The researchers found that before the attacks, 21.5 percent of the people had been diagnosed with a heart problem. But three years after the attacks, 30.5 percent reported heart problems.
Those who had acute stress responses to the 9/11 attacks had a 53 percent increased incidence of heart problems over the ensuing three years. This association held true even after compensating for risk factors for heart disease, existing heart and mental health problems before 9/11, and degree of exposure to the attacks.
Also, people who had high levels of stress immediately after the attacks were about twice as likely to develop high blood pressure, and about three times as likely to develop heart problems during the following two years, the researchers found.
People who continued to worry about terrorism after 9/11 had an increased risk for heart problems two to three years after the attacks, Holman said.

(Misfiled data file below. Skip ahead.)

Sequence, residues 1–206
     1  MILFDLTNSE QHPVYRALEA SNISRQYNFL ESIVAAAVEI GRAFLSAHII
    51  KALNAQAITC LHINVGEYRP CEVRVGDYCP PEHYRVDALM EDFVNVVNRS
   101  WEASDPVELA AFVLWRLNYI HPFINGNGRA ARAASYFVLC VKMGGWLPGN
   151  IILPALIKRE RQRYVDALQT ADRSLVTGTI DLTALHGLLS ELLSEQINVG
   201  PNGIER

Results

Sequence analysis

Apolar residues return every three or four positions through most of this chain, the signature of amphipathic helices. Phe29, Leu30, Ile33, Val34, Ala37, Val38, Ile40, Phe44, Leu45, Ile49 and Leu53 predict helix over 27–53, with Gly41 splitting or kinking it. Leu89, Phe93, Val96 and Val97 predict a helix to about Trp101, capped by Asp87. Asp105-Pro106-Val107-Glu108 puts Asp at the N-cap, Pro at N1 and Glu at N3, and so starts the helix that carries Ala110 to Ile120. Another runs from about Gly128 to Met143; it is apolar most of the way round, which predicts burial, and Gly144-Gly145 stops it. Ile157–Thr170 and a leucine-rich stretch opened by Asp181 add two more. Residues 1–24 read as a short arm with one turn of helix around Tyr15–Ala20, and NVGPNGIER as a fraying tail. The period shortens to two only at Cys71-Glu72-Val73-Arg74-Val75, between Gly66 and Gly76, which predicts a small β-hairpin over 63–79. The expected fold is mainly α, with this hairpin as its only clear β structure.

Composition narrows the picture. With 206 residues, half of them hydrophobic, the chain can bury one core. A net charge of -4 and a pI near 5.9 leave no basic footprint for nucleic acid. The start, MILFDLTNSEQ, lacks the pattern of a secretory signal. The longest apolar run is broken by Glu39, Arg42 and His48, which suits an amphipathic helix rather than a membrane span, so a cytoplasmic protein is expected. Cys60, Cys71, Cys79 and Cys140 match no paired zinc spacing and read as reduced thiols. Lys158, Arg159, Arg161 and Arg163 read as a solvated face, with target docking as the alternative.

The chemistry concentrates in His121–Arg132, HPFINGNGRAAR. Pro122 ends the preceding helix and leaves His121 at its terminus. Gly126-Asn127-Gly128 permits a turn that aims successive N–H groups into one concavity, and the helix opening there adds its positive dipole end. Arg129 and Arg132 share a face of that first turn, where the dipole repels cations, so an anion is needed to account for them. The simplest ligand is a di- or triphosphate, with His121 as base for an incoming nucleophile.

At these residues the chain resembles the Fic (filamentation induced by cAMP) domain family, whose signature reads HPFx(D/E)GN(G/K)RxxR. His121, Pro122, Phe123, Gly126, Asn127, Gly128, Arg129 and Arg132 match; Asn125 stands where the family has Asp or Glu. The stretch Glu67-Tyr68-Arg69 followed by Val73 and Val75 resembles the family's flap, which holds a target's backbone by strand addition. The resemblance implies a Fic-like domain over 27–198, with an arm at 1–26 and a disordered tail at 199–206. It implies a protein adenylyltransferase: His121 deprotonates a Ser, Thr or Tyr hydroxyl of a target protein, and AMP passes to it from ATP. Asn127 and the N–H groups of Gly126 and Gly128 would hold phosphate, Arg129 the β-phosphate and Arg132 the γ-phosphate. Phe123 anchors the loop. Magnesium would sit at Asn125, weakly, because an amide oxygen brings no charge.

The findings are published in the January issue of the Archives of General Psychiatry.
Holman said the findings may indicate the need to treat people who experience severe stress immediately after a similar attack, to prevent the development of both mental and physical problems.
"It's important that we think about not just mental health issues following a stressful event like this, but we have to consider ways that we can identify people who are at high risk for both physical and mental health disorders immediately after trauma," she said.
However, one expert thinks 9/11 was a unique event that produced a unique set of physical and mental problems, even for people not directly involved.
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